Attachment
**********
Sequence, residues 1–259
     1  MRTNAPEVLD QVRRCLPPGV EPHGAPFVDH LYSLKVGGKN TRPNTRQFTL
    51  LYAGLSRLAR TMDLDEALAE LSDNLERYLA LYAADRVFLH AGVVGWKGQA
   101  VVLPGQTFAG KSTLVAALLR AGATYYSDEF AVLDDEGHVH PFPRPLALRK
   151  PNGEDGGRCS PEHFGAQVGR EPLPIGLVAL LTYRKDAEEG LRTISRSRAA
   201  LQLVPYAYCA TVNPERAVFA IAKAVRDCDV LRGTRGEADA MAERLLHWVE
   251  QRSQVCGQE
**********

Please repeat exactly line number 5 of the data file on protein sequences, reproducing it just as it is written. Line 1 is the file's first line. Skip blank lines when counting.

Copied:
   151  PNGEDGGRCS PEHFGAQVGR EPLPIGLVAL LTYRKDAEEG LRTISRSRAA